Eventually, I asked Siggi how he got into this business.

"I was working in finance and I wasn't very happy," he told me. "So I started making yogurt at home."

"Did your roommates think that was weird?"

"They did," he said, "Though they're used to me making a mess in the kitchen."

Unfortunately, Siggi's attempts to make skyr at home didn't really work. "The conditions weren't right," he explained. "You need a very specific temperature for the skyr to come together."

Eventually, Siggi had an opportunity to make skyr on a dairy farm upstate. "We went up there and got to work and before we knew it we had skyr. We made so much of it that when I came back I didn't know what to do with it all."

He gave it away to friends in jars and one of these friends gave it to someone at Murray's cheese who, in turn, gave it to the buyers there. "They tasted it and they loved it and eventually they got back to me and told me that if I wanted to produce my skyr, they would buy it."

And that's exactly what happened; Siggi was in business. First, he sold to Murray's and then soon Dean & Deluca and Eli's wanted it too. Finally, the big kahuna--Whole Foods--ordered Siggi's skyr too.

"Now you can get it at Whole Foods all along the east coast and west as far as Nebraska."

There are five flavors of Siggi's Skyr: plain, blueberry, pomegranate and passion fruit, orange and ginger, and pear and mint. This weekend, when I went to the Whole Foods (the only store in Chicago to carry Siggi's), I only found blueberry, pomegranate and passion fruit, and orange and ginger.

Bragðgóður: Icelandic for Tasty

The first thing that strikes you about Siggi's Skyr is the color. Usually blueberry yogurt is a swirl of royal blue and electric purple. Passion fruit a spectrum of coral to neon pink. I am afraid to think what Yoplait would do with ginger for color. Siggi's, on the other hand, is free of food coloring. The blueberry is a pleasant pinkish purple, the passion fruit is simply off-white, and the orange ginger has just a tint of canary color.

Artificial coloring isn't the only thing missing from Siggi's Skyr. Siggi's is sans aspartame, sucralose, high fructose corn syrup, gelatin, preservatives, and rBGH. The rennet Siggi uses is vegetable-based, so Siggi's is suitable for all vegetarians (except vegans).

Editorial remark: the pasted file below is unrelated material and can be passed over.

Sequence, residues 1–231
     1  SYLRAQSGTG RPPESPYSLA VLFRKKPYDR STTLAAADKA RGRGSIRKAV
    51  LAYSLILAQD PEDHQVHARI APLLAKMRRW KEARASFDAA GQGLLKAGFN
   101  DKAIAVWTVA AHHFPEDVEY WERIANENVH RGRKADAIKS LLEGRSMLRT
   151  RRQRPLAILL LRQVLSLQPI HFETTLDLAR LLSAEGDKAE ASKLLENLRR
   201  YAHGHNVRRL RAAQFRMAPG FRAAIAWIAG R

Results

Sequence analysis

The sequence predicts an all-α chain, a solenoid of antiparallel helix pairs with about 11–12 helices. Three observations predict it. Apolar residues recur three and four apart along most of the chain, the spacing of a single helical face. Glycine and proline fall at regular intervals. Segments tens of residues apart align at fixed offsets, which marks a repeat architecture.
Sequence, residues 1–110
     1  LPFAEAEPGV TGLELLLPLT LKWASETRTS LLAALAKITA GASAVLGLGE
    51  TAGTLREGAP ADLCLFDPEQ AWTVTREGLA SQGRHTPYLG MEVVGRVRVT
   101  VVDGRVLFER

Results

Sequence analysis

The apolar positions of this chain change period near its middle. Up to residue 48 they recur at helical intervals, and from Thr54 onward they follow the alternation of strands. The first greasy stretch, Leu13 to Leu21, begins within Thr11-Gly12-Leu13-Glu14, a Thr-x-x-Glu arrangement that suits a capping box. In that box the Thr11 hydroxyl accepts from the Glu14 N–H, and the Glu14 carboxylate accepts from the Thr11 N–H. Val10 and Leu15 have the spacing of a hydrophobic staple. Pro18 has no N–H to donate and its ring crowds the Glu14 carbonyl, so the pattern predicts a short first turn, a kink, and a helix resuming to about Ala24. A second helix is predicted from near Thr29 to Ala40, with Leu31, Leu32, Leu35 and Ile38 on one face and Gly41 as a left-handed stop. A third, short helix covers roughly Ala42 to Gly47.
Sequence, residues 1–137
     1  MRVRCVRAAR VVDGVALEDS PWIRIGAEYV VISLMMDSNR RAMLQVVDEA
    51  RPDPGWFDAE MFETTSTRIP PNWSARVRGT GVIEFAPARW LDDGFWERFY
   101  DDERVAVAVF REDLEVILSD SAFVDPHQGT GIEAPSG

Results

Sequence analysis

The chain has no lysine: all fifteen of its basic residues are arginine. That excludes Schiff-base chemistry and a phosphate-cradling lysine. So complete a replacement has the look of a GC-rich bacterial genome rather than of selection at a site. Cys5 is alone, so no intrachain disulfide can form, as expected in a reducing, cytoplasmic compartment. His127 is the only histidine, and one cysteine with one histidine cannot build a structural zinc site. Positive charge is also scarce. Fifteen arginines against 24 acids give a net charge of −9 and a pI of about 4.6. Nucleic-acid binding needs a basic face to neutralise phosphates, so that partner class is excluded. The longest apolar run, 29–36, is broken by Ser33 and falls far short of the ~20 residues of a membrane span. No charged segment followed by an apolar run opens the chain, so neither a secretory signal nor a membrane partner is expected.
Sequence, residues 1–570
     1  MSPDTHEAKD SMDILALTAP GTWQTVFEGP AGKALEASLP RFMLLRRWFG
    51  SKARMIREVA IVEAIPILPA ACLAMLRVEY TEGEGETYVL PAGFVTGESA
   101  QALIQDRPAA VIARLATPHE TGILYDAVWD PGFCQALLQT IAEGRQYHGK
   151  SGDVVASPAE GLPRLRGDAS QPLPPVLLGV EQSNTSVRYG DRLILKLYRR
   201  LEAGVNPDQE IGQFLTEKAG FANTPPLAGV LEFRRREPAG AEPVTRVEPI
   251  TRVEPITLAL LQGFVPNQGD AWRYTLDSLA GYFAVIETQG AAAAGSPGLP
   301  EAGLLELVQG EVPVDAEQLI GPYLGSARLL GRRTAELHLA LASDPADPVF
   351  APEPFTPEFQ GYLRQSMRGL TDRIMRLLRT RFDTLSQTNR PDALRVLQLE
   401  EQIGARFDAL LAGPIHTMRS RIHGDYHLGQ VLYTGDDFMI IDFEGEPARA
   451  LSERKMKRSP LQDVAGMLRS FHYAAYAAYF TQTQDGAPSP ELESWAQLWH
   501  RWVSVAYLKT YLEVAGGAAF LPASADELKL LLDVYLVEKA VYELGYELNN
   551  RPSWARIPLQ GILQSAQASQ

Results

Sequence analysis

started making skyr in the States because he found our yogurt to be too sweet. A natural, tasty, and subtle balance between the tang of yogurt and the sweetness of fruit and agave nectar is what makes Siggi's Skyr unique and enjoyable.

Ultimately, though, Siggi's Skyr is more about the tang of yogurt than the flavor of fruit. Siggi's is a yogurt-lover's yogurt, for those of us that appreciate the tart smack and thick yet soft texture of a glob of yogurt.

Yet, the richness and decadence of Siggi's make it appealing to the masses of more spontaneous and casual yogurt-eaters too. The pomegranate and passion fruit skyr is my recommendation for seekers of a "vanilla" yogurt experience.

Yogurt with Attitude

Of the three Siggi's Skyr types I tried, the orange ginger is the best in my book. Let me be clear, I am not a ginger aficionado. I am a yogurt aficionado. I know there are people that feel for ginger the way I feel for yogurt, but I am not one of them.

That said, what strikes me about the orange ginger skyr is its character. This is a yogurt with personality and charisma, if that is possible. You want to like this yogurt: not because it's pleasant or safe, but because it's distinctive and interesting. The scent compliments the taste perfectly, hinting at the balance between flavors that is the highlight of Siggi's Skyr.

And oh my goodness, the ginger! Ginger ain't my thing, but the chunks of ginger in Siggi's intrigued me; not huge, hulking chunks of ginger, but a smattering of little but visible specks. See:

What a treat! In the end, the stasis that Siggi creates with the spice of ginger, the citrus of orange, the succulence of agave, and the sour of yogurt is a masterpiece.

While orange ginger stands strongly on its own, I envision it as a base for fabulous creations like skyr smoothies with bananas and pineapple or a pita dip with chopped cilantro stirred in.

Experience Skyr for Yourself

The market for Siggi's Skyr is spreading in the States. Siggi's is available at fine food outlets throughout the state of New York like Zabar's and Dean and Deluca. On the East Coast and in the Midwest, Whole Foods is the only store to stock Siggi's. Whether Siggi's Skyr is available in Whole Foods on the West Coast is uncertain. (Finally, a reason for Californians to visit Chicago!)

Wherever you live, I hope you encounter Siggi's Skyr on your yogurt quest. Please share stories about this unique, tasty, and healthy treat with our readers!

P.S. Siggi is seeking summer yogurt interns in New York.

Friday, May 16, 2008

Are You a Yogurt Aficionado?

What comes to mind when you hear aficionado?

What pursuits are worthy of devoted followings?

Fine-dining and all that it entails in luxury and pretense? Restaurants with names like "Schwa" and their menus of "pureed brioche, prosciutto consommé, and quail egg ravioli." Cigars: Montecristos, Diplomaticos, and Cohibas; terms of art to describe color, shape, and flavor; and thousands of lay enthusiasts? Neckties? (For men who love to wear silk ties and have found "there is no other feeling other than wearing a new silk necktie.")

On Yogurt
Can one be a devotee of something as simple, humble, and ubiquitous as yogurt? Does yogurt measure up to the likes of Schwa, Cohibas, and the little black tie? I say it does. This modest, unassuming food is just as deserving of aficionados.

If you too are a yogurt enthusiast, please join me in my yogurt quest.